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Human V4 Activity Patterns Predict Behavioral Performance in Imagery of Object Color

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Bannert,  M
Max Planck Institute for Biological Cybernetics, Max Planck Society;
Department Physiology of Cognitive Processes, Max Planck Institute for Biological Cybernetics, Max Planck Society;

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Bartels,  A
Max Planck Institute for Biological Cybernetics, Max Planck Society;
Department Physiology of Cognitive Processes, Max Planck Institute for Biological Cybernetics, Max Planck Society;

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Citation

Bannert, M., & Bartels, A. (2018). Human V4 Activity Patterns Predict Behavioral Performance in Imagery of Object Color. Poster presented at 18th Annual Meeting of the Vision Sciences Society (VSS 2018), St. Pete Beach, FL, USA.


Cite as: http://hdl.handle.net/21.11116/0000-0001-7DE6-0
Abstract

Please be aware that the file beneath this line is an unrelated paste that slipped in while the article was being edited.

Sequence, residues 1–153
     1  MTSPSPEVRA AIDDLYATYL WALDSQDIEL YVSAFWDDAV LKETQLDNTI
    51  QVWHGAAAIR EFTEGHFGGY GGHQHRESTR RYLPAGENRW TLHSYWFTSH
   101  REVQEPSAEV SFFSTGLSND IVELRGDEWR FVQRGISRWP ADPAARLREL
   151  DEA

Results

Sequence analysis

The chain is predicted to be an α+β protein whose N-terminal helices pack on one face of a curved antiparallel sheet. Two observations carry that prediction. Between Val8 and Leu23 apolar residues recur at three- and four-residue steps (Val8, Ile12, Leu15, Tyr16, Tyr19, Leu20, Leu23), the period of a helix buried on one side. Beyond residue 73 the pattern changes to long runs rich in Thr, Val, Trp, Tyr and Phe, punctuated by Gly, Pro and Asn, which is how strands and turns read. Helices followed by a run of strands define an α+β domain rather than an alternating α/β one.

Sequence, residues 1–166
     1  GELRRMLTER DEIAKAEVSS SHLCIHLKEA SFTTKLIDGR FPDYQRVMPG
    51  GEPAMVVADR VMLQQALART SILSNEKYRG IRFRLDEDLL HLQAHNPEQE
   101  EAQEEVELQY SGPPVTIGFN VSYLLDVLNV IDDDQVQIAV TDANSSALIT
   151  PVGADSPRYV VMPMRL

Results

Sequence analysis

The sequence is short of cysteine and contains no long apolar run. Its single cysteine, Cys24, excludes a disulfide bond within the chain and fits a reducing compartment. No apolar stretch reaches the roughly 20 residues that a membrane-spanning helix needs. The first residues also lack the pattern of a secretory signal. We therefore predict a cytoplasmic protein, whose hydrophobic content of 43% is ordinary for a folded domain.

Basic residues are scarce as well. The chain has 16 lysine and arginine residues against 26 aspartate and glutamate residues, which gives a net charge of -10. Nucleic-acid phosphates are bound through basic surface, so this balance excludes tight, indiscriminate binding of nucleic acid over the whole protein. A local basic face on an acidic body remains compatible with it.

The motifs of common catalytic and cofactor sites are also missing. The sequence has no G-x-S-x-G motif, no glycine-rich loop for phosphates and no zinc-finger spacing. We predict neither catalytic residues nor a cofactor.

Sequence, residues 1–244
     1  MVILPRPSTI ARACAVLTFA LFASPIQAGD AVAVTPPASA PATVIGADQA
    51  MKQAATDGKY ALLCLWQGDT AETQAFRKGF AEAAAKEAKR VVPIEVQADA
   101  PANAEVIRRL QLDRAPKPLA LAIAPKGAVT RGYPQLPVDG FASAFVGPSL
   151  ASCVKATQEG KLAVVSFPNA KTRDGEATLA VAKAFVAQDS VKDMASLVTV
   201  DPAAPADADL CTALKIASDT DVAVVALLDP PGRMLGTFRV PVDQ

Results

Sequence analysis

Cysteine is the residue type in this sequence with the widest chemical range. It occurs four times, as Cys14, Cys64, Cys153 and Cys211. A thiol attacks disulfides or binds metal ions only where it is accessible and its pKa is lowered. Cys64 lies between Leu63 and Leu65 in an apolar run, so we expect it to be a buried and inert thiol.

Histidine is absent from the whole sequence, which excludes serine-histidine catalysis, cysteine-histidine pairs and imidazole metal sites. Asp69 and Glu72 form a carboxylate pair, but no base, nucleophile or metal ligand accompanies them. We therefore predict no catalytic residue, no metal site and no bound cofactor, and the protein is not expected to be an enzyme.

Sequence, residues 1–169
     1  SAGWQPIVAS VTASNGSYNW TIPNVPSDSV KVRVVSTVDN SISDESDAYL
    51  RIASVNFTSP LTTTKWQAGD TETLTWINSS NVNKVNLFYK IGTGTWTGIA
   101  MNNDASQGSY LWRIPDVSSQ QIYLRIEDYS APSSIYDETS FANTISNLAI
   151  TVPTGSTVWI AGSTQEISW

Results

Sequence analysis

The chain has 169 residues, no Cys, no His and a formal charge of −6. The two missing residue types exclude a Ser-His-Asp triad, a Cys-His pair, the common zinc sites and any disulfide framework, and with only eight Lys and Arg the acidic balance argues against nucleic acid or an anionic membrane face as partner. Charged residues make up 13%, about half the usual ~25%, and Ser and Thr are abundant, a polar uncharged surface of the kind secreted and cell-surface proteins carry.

Among the multitude of elements making up visual experience, color stands out in that it can specify both subjective experience and objective properties of the outside world. Whereas most neuroimaging research on human color vision has focused on external stimulation, the present study addressed this duality by investigating how externally elicited color vision is linked to subjective color experience induced by object imagery. We recorded fMRI activity while showing our participants abstract color stimuli that were either red, green, or yellow in half of the runs (“real-color runs”) and asked them to produce mental images of colored objects corresponding to the same three categories in the remaining half (“imagery runs”). To make sure that participants were engaged in visual imagery, they performed a 1-back same/different color judgment task on the imagined objects. We trained color classifiers using MVPA to distinguish between fMRI responses to the three color stimuli and cross-validated them on data from real-color or imagery runs. Although real-color percepts could be predicted from all retinotopically mapped visual areas, only color decoders trained on hV4 responses could additionally predict the color category of an object that was being imagined. This suggests that sensory-driven and self-induced colors share a common neural code in hV4. Using a hierarchical drift diffusion model, we furthermore demonstrated that the decoding accuracy in hV4 was predictive of performance in the color judgment task on a trial-by-trial basis. The commonality between neural representations of perceived and imagined object color, in combination with the behavioral modeling evidence, hence identifies area hV4 as a “perceptual bridge” linking externally triggered color vision with color in self-generated object imagery.